February 25, 2022

What a Candidate Wants: Appealing to Talent in 2022

Since the government’s work-from-home order spawned a mass exodus from offices around the nation in March 2020, people have learned a lot about themselves and what they need and want in life, in their careers, and from employers. Professionals around the world continue to share their truth on social media that life’s too short to do unfulfilling work or work for an organization that doesn’t share their values.  

With personal priorities crystalizing, companies that want to attract new employees and retain current talent must pay attention to what people desire from their employers. Those who don’t listen and adapt could put their businesses in jeopardy.  

So, what do candidates care about most these days?  

Office Expectations: Remote with a hybrid in-office option 


For employees, one silver lining to the world health crisis and subsequent sobering look at their lives is that it instituted new professional options. Because technologically behind-the-times companies were forced to upgrade their systems and processes to provide work-from-home capabilities, doors opened to remote opportunities that were previously inaccessible to some. This has been a huge win for employers and employees.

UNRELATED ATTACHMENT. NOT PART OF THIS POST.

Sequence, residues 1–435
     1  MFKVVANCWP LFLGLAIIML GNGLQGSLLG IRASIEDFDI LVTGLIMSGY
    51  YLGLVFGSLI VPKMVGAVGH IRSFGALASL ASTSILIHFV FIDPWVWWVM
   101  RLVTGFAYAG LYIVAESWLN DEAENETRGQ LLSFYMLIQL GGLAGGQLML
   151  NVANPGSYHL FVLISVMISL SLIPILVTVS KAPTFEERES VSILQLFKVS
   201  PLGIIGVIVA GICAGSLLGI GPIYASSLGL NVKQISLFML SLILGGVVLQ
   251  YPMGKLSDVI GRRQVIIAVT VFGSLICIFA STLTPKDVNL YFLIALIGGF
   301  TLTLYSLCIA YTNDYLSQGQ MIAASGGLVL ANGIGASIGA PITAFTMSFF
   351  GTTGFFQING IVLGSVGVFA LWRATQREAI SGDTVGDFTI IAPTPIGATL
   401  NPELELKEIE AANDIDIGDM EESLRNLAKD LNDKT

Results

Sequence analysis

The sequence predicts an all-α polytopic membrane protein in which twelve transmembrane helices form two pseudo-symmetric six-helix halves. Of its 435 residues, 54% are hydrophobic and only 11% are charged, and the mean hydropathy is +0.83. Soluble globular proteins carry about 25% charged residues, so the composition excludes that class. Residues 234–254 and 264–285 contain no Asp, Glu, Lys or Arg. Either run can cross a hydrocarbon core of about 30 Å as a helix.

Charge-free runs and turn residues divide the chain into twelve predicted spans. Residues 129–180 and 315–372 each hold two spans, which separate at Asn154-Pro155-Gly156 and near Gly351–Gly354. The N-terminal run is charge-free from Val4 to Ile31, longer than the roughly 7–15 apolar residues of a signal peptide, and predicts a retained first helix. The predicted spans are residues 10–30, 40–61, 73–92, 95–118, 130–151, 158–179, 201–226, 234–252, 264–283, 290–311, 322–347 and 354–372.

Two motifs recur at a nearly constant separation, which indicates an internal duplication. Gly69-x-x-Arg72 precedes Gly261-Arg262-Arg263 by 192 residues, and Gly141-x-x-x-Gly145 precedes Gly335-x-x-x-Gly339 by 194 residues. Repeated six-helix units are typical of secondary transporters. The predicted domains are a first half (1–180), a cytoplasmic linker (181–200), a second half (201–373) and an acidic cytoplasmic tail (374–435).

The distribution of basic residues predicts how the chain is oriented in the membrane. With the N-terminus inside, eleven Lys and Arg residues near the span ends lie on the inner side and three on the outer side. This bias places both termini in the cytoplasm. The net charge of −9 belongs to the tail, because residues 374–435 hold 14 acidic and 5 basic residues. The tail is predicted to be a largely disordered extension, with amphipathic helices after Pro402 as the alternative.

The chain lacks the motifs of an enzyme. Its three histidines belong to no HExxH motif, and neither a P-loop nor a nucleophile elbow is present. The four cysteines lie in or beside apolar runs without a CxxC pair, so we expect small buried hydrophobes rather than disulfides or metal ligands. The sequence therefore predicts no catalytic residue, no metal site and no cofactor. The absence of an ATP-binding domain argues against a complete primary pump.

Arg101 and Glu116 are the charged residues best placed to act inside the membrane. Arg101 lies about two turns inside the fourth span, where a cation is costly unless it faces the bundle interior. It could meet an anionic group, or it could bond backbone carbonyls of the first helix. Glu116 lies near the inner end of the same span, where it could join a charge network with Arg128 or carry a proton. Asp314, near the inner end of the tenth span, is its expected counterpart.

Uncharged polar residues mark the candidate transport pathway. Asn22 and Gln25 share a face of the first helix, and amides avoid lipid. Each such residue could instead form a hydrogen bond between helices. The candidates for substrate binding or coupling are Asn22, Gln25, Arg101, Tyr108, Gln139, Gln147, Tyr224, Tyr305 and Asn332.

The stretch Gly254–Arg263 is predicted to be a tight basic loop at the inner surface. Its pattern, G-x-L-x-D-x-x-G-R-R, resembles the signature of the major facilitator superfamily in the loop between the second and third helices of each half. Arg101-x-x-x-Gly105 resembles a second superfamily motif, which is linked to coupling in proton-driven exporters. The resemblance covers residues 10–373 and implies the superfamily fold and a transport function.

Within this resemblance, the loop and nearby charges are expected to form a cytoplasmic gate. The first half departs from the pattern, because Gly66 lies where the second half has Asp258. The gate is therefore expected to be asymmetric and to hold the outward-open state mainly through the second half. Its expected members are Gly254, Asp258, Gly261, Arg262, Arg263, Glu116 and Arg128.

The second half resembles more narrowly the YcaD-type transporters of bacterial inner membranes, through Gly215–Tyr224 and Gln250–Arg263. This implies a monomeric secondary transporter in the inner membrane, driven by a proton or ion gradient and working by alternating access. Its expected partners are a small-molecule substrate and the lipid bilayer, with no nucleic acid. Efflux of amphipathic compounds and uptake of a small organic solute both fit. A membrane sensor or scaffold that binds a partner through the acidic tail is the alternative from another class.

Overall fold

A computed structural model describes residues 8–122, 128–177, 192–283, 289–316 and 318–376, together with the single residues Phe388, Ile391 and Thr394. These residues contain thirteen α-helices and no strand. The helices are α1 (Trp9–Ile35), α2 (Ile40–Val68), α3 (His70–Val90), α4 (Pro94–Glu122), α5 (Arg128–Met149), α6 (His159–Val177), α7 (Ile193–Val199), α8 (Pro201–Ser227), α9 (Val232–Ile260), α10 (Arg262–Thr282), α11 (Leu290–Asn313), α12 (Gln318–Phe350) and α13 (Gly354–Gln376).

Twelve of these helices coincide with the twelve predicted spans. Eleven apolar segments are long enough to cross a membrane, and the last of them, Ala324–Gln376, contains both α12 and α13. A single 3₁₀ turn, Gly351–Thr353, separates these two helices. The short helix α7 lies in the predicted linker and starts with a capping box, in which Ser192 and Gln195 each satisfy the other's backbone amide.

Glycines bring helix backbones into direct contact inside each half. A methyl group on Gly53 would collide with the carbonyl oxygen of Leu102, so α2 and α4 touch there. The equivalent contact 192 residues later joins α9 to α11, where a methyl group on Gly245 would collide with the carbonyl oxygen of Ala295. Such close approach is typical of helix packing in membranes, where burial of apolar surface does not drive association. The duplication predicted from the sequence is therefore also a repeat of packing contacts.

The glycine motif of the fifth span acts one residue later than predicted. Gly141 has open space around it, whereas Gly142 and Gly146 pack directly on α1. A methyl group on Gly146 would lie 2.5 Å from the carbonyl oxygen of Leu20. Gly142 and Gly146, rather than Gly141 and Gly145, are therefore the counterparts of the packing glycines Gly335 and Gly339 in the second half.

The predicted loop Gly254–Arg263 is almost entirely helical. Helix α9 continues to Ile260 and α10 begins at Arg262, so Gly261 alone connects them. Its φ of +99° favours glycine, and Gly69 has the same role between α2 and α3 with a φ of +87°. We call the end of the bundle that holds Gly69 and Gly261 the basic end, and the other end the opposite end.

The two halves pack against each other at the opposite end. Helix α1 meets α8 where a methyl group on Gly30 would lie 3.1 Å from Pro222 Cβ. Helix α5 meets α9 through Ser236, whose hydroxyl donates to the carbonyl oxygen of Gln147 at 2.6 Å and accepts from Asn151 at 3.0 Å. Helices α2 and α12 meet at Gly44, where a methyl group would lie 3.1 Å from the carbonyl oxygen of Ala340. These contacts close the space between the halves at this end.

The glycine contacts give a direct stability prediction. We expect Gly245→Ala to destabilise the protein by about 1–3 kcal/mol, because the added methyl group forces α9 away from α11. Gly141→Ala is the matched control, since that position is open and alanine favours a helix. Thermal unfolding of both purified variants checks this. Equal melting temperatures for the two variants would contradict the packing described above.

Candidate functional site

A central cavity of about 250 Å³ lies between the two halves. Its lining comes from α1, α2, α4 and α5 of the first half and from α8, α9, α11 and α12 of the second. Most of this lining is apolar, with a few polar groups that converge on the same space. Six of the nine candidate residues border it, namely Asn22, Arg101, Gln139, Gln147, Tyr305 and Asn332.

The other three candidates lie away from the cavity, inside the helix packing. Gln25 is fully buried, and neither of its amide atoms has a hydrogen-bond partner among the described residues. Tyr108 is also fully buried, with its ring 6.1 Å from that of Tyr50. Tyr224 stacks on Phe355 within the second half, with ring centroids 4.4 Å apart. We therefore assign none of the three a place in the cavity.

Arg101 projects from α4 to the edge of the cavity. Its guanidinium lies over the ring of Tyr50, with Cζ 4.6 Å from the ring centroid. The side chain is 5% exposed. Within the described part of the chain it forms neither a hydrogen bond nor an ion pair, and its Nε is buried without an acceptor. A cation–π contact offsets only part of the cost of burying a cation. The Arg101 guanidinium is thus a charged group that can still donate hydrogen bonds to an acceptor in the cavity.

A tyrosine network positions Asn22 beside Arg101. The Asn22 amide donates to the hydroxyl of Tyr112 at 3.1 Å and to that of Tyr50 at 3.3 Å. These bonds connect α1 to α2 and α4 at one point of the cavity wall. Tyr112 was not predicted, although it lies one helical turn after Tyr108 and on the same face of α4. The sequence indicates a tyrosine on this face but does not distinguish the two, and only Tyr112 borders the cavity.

Age and location certainly influence candidate values and desires around where they live and work. Younger employees want to socialize in the office and have the potential for impromptu connections that can help build their career. For them, a hybrid model provides the best of both worlds.  

In tech meccas like San Francisco, remote workers who have tired of astronomical rent and inaccessible home prices are taking advantage of opportunities to relocate to suburbs and less-populated cities that offer monetary incentives to move there. Established programs such as Tulsa Remote were in place prior to the pandemic, but the appeal of these programs has expanded with jobs that have become permanently remote. We talked about this in the Tribe TV episode: Why are Millennials Leaving Big Cities? 

Employees today have a better sense of their worth, and 30% of office workers are willing to find a new job if they have to go back to the office.  

Gig Work: A Growing Opportunity 


According to Entrepreneur, “The dream job for many individuals today is working on their laptops while traveling the world. Digital nomads are individuals who use new technologies to do their work in a nomadic fashion.”  

While your organization evolves and adapts to its new normal, offering gig work could provide a solution to immediate talent gaps. It benefits you and the temporary hire. Gigs provide the flexibility and freedom that people want and need, give them opportunities to expand their skills, and open doors for valuable new connections. On the employer side, you create a pipeline of talent for future openings while accomplishing your most important goals. The opportunity to “try before you buy” could save your company thousands of dollars if the hire is not a fit. 

DEI: Show Don’t Tell